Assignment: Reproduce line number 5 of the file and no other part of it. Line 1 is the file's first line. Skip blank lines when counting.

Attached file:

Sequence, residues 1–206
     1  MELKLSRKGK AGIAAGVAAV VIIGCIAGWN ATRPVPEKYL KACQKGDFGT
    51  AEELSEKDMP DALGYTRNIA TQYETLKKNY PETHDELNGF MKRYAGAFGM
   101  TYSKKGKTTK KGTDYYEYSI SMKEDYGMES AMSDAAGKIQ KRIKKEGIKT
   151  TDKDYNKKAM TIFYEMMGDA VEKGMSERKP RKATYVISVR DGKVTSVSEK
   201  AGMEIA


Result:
   151  TDKDYNKKAM TIFYEMMGDA VEKGMSERKP RKATYVISVR DGKVTSVSEK